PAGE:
The week’s news included; Musk to receive Twitter data on fake accounts as $44bn deal in jeopardy, Paramount facing copyright lawsuit over Top Gun sequel, Mishcon de Reya shelves IPO plans, Man fined £1m over illegal EPL streams.

Below are our top 10 stories that you need to know about. Be sure to check our twitter page, Facebook page and Instagram Page, for regular posts of important headlines. Get all the important stories and insights straight into your inbox by subscribing to our mailing list here.

Opinion articles of the week: 

Opinion articles of the week: 

  • The Fashion Law – How Brands Like Nike and Prada Are Using NFTs – and What Could Go Wrong.
  • Bloomberg – Unprofitable Fintechs at Risk of Laying an Egg
  • City A.M. – The SPAC bubble is bursting, argues Syz Bank’s investment chief: ‘Companies are on average down 60 per cent’.
  • Forbes – How Sports Ownership Differs From That Of Other Businesses.


Twitter has agreed to provide Elon Musk with raw data on the number of fake accounts and bots on the platform. Last week, Musk threatened to pull out of the $44 billion deal unless the social media platform provided more data. Musk expressed concerns that Twitter overestimated the number of legitimate accounts and put the deal on hold last month. Twitter had represented that only 5% of accounts were bots but Musk suspects the number may be higher. Although the deal to buy Twitter was legally binding, it has a $1 billion break clause, meaning Musk could quite comfortably walk away from the table. Musk has also suggested discounting the purchase price based on the true number of bots. Twitter will provide a “firehose” of data which involves sending real-time records of the 500 million tweets posted daily, the devices users use and their non-private account details. Check out our article exploring Musk’s proposed acquisition of Twitter and the reasons behind it.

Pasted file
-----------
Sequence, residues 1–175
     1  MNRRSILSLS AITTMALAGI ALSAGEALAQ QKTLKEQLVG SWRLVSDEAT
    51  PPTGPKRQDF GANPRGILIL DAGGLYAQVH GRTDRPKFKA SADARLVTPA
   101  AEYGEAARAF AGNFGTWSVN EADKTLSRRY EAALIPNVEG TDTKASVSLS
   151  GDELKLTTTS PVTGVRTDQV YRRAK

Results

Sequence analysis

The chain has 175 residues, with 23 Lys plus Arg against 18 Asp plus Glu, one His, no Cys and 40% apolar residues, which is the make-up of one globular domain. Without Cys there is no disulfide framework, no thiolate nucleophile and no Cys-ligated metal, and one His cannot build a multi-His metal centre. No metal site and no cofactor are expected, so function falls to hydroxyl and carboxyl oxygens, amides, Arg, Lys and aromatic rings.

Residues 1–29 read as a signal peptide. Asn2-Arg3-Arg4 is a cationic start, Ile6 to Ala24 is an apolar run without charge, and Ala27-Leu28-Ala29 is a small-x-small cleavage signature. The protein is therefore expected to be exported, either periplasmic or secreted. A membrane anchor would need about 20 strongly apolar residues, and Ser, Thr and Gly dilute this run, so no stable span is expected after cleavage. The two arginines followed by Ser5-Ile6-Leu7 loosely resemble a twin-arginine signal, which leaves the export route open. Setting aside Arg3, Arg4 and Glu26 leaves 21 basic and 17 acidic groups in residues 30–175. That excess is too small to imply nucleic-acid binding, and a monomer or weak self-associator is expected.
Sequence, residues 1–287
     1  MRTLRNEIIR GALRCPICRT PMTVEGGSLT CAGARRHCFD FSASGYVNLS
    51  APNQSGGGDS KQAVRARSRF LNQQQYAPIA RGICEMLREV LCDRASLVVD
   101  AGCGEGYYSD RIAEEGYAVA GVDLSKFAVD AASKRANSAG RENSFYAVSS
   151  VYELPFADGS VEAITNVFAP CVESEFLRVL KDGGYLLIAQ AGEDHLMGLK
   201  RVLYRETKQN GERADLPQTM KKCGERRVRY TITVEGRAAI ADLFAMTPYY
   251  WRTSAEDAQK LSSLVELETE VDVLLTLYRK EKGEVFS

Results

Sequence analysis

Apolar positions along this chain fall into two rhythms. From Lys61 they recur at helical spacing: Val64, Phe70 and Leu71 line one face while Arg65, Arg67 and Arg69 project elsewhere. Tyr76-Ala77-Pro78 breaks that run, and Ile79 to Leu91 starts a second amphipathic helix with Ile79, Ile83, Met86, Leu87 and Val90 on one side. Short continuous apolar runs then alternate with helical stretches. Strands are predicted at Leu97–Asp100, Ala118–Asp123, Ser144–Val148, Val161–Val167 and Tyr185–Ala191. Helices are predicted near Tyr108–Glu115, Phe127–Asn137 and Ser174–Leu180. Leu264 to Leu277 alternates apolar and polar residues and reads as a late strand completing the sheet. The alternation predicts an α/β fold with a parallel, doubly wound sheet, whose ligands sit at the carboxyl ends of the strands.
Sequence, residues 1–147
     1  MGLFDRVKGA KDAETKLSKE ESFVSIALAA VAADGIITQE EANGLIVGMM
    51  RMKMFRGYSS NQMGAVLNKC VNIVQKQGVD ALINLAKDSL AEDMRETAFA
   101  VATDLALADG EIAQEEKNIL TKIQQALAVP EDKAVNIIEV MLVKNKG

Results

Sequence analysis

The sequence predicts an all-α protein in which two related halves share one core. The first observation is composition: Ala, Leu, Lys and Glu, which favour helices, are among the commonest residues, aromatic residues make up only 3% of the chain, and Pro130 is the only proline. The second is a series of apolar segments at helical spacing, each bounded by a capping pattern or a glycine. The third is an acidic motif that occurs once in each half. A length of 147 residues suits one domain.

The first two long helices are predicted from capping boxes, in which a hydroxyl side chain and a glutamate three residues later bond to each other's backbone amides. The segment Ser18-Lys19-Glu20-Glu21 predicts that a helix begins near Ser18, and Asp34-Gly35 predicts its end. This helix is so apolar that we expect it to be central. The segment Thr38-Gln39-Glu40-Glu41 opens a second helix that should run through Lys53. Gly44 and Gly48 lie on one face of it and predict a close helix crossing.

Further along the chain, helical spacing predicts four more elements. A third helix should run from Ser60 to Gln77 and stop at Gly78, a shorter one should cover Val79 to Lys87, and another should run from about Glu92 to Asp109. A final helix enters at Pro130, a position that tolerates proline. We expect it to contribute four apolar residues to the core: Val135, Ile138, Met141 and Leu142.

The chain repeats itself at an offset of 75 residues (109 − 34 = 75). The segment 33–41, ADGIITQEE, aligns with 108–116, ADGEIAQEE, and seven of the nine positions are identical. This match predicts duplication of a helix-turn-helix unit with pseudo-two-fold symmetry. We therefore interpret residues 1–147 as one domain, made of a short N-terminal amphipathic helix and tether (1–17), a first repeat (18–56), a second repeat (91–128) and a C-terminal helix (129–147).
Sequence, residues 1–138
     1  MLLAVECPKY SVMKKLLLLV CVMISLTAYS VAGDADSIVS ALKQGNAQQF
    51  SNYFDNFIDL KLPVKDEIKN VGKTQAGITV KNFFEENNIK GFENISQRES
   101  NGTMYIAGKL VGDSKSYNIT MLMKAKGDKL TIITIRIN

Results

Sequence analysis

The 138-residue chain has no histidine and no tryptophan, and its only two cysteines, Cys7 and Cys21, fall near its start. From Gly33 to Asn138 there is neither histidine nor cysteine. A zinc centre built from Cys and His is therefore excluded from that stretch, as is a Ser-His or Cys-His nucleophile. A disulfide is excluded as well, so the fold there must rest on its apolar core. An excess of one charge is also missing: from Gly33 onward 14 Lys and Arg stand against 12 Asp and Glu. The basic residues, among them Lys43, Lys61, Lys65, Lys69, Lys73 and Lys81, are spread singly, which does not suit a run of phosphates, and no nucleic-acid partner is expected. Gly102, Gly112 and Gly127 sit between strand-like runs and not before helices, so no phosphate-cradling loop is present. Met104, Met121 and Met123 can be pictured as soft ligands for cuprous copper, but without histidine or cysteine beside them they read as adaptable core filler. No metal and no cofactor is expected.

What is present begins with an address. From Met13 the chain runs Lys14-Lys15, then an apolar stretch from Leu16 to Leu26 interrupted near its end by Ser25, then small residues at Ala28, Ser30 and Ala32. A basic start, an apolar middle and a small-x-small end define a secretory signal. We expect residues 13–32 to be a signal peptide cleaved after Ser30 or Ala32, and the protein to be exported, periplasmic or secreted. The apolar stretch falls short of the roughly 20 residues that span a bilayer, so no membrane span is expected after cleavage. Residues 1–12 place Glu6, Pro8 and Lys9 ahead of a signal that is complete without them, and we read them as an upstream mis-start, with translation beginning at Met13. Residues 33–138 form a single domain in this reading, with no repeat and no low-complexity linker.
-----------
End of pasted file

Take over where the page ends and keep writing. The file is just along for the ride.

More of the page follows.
Apple and Google are facing investigation from the UK Competition and Markets Authority over their dominance of the mobile ecosystem. Through an initial investigation, CMA found that the tech giants have a “stranglehold” on the market and essentially have a “duopoly”. Apple and Google have a 90% share of the UK mobile browser market with users defaulting to Google’s Chrome or Apple’s Safari. The CMA finds their dominance concerning and warns that without action, the two companies could stifle competition and harm innovation. The watchdog will now consider whether to launch a deeper investigation into the tech firms. Regulators across the world have big tech firms in their cross hairs as their dominance has swelled over the past years. The CMA alone has eight open competition cases against big tech firms and a new specialist unit is set to be established. Big tech firms will be forced to adapt to this changing regulatory regime.